Mike Mentzer passed away 20 years ago on June 10, 2001. He was 49. Peter McGough, the giant of bodybuilding journalism who passed away last December 29 at 71, wrote the definitive profile of the enigmatic Mentzer. To get him to open up about his darkest days, McGough did multiple interviews with Mentzer over weeks, and he spent more time laboring over this article than any other he ever wrote. In his later years, he confided that it was, in his opinion, his best work. It originally appeared in the February 1995 issue of FLEX under the title “Whom The Gods Bless, They Eventually Restore!” and with the subtitle seen above. It was reprinted in FLEX after Mentzer’s death with the title seen here and with a preface by McGough, then editor-in-chief of FLEX. (Our photos are different than either of those printings.) In that preface, Peter explains that Arnold Schwarzenegger subsequently called Mentzer, and the two buried their differences, so readers should keep that in mind when reading Mentzer’s caustic comments about the 1980 Olympia. McGough concluded his 2001 preface with this: “Mike Mentzer was a complex and gifted man who leaves an indelible mark on the bodybuilding landscape. We offer the following story as a means of paying tribute to the passing of a forceful and enigmatic individual who has surely attained the status of bodybuilding icon.” Everything he wrote there now applies to him, too. We offer the following story as a means of paying tribute to both icons.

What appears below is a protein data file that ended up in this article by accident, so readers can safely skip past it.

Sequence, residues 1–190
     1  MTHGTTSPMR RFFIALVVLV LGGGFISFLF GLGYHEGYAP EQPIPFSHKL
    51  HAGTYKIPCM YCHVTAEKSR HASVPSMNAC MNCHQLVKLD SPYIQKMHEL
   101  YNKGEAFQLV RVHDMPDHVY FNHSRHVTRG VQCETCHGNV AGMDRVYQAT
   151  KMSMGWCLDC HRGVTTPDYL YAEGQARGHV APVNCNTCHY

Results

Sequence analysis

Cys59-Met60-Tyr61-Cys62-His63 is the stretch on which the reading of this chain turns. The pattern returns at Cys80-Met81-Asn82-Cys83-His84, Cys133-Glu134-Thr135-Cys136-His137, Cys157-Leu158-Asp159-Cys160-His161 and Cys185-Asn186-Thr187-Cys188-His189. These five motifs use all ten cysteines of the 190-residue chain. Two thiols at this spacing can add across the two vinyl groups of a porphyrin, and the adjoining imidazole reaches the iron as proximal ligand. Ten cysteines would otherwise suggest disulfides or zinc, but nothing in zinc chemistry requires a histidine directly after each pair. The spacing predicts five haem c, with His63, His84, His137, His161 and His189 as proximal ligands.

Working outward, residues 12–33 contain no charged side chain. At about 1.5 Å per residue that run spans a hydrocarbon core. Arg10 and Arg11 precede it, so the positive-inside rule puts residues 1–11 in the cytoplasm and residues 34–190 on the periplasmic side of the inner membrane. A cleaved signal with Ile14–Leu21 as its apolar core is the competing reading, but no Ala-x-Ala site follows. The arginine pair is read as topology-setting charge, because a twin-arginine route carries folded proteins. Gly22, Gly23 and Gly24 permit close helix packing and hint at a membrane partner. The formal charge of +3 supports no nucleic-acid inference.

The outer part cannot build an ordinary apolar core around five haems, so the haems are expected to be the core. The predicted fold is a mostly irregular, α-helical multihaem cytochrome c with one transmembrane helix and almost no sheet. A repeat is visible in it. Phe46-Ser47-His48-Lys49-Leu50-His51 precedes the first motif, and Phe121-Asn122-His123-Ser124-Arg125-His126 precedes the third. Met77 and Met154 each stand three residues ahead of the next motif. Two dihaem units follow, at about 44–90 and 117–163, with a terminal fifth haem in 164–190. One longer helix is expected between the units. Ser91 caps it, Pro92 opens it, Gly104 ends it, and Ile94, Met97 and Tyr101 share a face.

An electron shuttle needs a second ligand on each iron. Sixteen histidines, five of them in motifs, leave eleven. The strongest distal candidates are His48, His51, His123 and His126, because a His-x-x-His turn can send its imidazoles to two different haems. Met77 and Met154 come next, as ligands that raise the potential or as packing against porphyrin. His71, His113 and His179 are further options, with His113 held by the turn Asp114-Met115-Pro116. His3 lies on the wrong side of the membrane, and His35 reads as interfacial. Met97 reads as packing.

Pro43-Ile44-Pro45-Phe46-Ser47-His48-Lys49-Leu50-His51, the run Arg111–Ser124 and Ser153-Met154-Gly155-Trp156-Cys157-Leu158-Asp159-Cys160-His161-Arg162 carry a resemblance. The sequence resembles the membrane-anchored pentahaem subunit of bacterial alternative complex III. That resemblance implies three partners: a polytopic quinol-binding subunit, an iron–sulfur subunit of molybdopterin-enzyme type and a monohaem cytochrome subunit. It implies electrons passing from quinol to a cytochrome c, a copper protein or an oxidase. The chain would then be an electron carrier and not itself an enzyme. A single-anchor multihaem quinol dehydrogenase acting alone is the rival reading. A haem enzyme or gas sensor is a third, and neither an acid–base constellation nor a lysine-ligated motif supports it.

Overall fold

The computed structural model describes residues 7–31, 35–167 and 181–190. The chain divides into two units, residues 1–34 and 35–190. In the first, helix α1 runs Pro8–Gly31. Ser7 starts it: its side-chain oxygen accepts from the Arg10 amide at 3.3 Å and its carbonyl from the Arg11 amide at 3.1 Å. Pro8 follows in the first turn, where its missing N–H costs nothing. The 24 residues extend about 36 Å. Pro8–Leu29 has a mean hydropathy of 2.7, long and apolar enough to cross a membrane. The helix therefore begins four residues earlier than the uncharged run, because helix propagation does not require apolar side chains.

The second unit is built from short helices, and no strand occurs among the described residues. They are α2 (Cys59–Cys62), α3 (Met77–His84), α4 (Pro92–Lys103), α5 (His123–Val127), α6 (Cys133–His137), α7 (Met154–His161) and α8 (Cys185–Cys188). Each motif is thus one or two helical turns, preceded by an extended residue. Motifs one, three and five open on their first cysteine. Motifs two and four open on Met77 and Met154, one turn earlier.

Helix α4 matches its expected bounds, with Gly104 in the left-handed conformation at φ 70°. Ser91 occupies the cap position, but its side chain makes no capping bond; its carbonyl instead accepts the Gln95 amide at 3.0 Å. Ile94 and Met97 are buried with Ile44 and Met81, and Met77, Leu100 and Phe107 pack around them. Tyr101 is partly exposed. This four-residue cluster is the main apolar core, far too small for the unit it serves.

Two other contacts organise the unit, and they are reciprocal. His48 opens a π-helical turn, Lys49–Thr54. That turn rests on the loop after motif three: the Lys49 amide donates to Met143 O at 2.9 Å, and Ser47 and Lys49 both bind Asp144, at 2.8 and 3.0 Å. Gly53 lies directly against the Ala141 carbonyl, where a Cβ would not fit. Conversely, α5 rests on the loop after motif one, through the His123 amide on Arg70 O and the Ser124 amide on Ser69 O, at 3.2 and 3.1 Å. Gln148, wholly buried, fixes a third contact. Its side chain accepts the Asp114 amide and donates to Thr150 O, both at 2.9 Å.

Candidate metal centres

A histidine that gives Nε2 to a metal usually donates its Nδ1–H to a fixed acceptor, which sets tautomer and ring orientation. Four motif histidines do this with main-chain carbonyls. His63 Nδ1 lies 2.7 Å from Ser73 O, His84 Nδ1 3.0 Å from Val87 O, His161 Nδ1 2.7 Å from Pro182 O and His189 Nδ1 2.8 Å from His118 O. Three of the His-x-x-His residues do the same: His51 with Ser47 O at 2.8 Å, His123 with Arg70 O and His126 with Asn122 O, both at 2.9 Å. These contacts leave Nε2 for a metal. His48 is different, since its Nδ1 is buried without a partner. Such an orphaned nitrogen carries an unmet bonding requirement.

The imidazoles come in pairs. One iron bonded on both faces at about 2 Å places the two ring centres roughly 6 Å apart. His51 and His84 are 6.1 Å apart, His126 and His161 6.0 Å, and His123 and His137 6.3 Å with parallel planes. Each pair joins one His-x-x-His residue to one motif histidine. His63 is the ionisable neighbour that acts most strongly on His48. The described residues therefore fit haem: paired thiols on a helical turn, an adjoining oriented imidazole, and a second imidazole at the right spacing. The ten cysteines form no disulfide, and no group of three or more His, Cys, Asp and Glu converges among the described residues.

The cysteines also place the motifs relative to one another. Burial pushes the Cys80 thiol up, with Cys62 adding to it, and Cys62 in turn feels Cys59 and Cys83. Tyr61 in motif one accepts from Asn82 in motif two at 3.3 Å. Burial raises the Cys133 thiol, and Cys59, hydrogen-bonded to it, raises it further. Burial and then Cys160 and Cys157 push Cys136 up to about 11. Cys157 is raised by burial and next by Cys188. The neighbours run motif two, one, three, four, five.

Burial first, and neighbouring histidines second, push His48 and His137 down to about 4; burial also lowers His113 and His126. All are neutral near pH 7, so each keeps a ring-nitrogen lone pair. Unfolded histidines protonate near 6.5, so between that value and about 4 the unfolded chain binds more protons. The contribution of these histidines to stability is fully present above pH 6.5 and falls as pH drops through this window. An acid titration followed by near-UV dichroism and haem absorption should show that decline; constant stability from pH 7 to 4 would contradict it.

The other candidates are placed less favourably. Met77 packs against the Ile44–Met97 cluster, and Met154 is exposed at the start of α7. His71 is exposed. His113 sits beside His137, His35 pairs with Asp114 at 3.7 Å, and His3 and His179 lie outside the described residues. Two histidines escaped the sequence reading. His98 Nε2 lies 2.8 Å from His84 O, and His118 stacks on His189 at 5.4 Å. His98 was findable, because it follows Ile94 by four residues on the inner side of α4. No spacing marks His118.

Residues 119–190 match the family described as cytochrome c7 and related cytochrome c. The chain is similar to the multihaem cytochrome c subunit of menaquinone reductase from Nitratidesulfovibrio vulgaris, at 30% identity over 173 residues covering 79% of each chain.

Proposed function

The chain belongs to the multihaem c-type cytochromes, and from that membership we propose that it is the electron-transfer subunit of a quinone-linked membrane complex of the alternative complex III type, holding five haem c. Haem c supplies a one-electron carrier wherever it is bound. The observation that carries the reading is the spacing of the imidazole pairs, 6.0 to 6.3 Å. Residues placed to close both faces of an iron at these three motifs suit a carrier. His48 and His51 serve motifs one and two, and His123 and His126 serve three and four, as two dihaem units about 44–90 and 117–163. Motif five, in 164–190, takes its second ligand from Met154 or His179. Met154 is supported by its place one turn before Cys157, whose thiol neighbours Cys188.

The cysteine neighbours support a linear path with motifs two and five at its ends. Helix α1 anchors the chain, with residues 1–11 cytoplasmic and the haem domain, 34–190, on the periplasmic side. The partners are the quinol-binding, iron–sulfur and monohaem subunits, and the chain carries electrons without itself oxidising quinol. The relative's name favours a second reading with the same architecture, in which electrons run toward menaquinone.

PROLOGUE: THE END
Sitting alone in the psychiatric ward he had been confined to for four weeks, he stared at the clinically scrubbed walls. It was the last day of January 1990, and he knew that nearly five years of trauma, despair, pain and grieving were about to be brought to a shattering resolution. During those five years, he had been institutionalized several times, been arrested, indulged in bizarre behavior and been written off as “a crazy” by the vast majority of those who were once peers, friends and associates.